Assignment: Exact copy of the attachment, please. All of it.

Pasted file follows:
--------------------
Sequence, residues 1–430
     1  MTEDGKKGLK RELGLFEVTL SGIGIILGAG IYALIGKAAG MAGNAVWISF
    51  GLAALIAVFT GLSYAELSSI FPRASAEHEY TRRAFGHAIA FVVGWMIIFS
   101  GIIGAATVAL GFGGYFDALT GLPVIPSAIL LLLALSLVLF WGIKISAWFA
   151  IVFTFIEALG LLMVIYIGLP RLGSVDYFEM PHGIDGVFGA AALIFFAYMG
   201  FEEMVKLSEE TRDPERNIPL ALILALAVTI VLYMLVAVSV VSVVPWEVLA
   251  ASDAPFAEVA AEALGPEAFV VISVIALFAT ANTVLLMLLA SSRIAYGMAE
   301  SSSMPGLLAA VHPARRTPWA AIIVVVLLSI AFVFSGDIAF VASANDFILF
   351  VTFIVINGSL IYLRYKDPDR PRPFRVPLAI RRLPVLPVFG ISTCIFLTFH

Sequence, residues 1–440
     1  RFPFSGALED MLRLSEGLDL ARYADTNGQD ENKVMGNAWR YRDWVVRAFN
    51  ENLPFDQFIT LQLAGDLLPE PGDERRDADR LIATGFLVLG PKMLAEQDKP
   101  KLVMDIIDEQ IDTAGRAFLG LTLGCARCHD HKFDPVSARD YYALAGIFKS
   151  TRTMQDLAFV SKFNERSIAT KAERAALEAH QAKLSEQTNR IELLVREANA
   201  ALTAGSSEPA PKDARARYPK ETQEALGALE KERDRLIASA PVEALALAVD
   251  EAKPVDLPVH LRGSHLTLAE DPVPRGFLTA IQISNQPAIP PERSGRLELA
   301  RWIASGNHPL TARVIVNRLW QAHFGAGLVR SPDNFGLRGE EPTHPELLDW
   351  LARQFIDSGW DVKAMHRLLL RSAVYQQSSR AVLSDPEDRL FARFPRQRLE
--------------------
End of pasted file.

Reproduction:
Sequence, residues 1–430
     1  MTEDGKKGLK RELGLFEVTL SGIGIILGAG IYALIGKAAG MAGNAVWISF
    51  GLAALIAVFT GLSYAELSSI FPRASAEHEY TRRAFGHAIA FVVGWMIIFS
   101  GIIGAATVAL GFGGYFDALT GLPVIPSAIL LLLALSLVLF WGIKISAWFA
   151  IVFTFIEALG LLMVIYIGLP RLGSVDYFEM PHGIDGVFGA AALIFFAYMG
   201  FEEMVKLSEE TRDPERNIPL ALILALAVTI VLYMLVAVSV VSVVPWEVLA
   251  ASDAPFAEVA AEALGPEAFV VISVIALFAT ANTVLLMLLA SSRIAYGMAE
   301  SSSMPGLLAA VHPARRTPWA AIIVVVLLSI AFVFSGDIAF VASANDFILF
   351  VTFIVINGSL IYLRYKDPDR PRPFRVPLAI RRLPVLPVFG ISTCIFLTFH

Sequence, residues 1–440
     1  RFPFSGALED MLRLSEGLDL ARYADTNGQD ENKVMGNAWR YRDWVVRAFN
    51  ENLPFDQFIT LQLAGDLLPE PGDERRDADR LIATGFLVLG PKMLAEQDKP
   101  KLVMDIIDEQ IDTAGRAFLG LTLGCARCHD HKFDPVSARD YYALAGIFKS
   151  TRTMQDLAFV SKFNERSIAT KAERAALEAH QAKLSEQTNR IELLVREANA
   201  ALTAGSSEPA PKDARARYPK ETQEALGALE KERDRLIASA PVEALALAVD
   251  EAKPVDLPVH LRGSHLTLAE DPVPRGFLTA IQISNQPAIP PERSGRLELA
   301  RWIASGNHPL TARVIVNRLW QAHFGAGLVR SPDNFGLRGE EPTHPELLDW
   351  LARQFIDSGW DVKAMHRLLL RSAVYQQSSR AVLSDPEDRL FARFPRQRLE